The market has mostly enjoyed a bullish run-up since Election Day last week, but CNBC’s “Mad Money” host Jim Cramer thinks stock market investors are being too complacent about a number of lingering risks that could rear up and cause a potential selloff.
‘We are worried about the fact that we could be moving toward a constitutional crisis.’
Notable among those worries is what Cramer describes as a potential “constitutional crisis,” due to President Donald Trump’s unwillingness to concede defeat and pave the way for a smooth transition for former Vice President Joe Biden, who is seen as winning the 2020 race for the White House.
“We are worried about the fact that we could be moving toward a constitutional crisis,” the CNBC host said Wednesday.
“This is not encouraging,” Cramer said, when the “president tweets regularly how the election was rigged.”
Late Wednesday, Trump, who has vowed to launch a series of challenges to the vote-counting process, tweeted his belief that he would still prevail in the presidential contest that was called in Biden’s favor over the weekend by most major news outlets and political experts. The 45th president wrote “with 72 million votes, we received more votes than any sitting President in U.S. history—and we will win!”
“From the stock market’s perspective, that’s a problem.”
“It does not seem like he will vacate the premises in January,” Cramer said Wednesday.
“By denying the legitimacy of the election and trying to fight it any way they can, they’re certainly destabilizing the situation,” he said. “From the stock market’s perspective, that’s a problem.”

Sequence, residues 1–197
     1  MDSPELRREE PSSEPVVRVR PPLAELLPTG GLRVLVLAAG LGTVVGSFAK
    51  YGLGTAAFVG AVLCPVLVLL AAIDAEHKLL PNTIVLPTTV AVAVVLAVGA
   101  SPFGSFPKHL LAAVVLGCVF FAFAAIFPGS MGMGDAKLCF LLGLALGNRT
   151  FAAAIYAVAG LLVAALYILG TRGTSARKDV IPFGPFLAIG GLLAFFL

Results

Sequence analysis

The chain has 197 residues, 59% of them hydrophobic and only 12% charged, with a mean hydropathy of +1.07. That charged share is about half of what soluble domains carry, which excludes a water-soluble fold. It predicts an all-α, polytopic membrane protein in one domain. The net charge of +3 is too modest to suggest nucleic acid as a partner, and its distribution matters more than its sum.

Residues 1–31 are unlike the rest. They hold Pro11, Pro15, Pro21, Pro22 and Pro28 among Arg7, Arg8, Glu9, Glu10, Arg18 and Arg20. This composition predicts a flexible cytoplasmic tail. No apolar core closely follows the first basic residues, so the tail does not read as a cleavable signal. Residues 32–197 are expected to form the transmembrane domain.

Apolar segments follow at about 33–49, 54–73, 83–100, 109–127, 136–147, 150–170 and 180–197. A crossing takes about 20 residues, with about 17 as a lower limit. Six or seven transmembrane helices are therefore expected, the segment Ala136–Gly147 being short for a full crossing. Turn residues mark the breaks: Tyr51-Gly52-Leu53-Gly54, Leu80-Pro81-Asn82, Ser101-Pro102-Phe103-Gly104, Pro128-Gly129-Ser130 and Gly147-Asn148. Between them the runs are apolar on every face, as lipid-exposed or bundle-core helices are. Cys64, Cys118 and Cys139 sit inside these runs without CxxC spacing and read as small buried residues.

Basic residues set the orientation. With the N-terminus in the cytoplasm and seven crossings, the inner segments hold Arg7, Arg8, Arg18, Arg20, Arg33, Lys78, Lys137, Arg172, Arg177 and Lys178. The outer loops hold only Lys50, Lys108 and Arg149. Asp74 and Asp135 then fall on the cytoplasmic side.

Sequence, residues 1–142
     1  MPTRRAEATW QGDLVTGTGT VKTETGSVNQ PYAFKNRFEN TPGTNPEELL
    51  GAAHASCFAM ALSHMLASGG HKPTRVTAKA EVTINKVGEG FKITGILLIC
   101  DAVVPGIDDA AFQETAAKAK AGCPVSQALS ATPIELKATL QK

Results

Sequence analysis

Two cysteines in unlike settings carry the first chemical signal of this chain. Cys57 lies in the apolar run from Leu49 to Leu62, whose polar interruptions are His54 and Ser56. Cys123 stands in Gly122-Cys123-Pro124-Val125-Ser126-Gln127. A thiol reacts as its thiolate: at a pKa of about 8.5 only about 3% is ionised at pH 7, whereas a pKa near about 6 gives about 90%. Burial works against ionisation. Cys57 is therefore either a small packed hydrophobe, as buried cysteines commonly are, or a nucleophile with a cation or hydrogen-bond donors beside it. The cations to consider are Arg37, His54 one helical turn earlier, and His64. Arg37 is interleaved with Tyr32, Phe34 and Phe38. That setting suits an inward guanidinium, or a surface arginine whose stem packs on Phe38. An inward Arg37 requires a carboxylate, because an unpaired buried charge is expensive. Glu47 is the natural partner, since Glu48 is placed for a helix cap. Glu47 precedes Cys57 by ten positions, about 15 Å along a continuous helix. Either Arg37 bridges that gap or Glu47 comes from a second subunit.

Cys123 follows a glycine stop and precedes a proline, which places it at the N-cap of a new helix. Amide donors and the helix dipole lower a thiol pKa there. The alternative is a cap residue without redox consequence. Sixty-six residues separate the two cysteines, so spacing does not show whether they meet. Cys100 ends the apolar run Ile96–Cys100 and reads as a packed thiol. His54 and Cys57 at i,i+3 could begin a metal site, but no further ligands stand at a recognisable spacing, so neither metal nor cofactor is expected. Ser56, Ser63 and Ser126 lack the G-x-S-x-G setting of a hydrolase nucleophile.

It’s not clear, however, at which point Trump’s unwillingness to concede the election and pave the way for peaceful transition of power will impact the market.
Stocks have been mostly climbing since Election Day on the belief that elections in the U.S. will result in divided government, with Biden in the Oval Office and Democrats failing to muster a majority in the Senate — a political landscape that has been historically viewed as positive for stocks because it won’t result in changes that could be viewed as market disruptive.
The Wall Street Journal reported that Trump is pursuing a patchwork of legal attacks in a long-shot effort to try to prevent officials from certifying the election results.
So far, experts see no reason to believe that Biden’s current popular-vote lead and his lead in the Electoral College won’t expand when the final votes are tallied.
According to the Associated Press, Biden has 290 votes in the Electoral College, far surpassing the 270 required to win the presidency, compared with Trump’s 214. The AP has yet to determine the winner in Alaska, Georgia and North Carolina, with Biden leading in Georgia and Trump leading in Alaska and North Carolina.
Meanwhile, Cramer also noted the resurgence of COVID-19, including a rise in hospitalizations in much of the U.S. and elsewhere in the world, and the lack of a new relief package for troubled companies as other headwinds that investors aren’t paying full attention to at the moment.
On Wednesday, the Dow Jones Industrial Average
snapped a two-day win streak, but the S&P 500 index
and the Nasdaq Composite Index
finished the day firmly higher.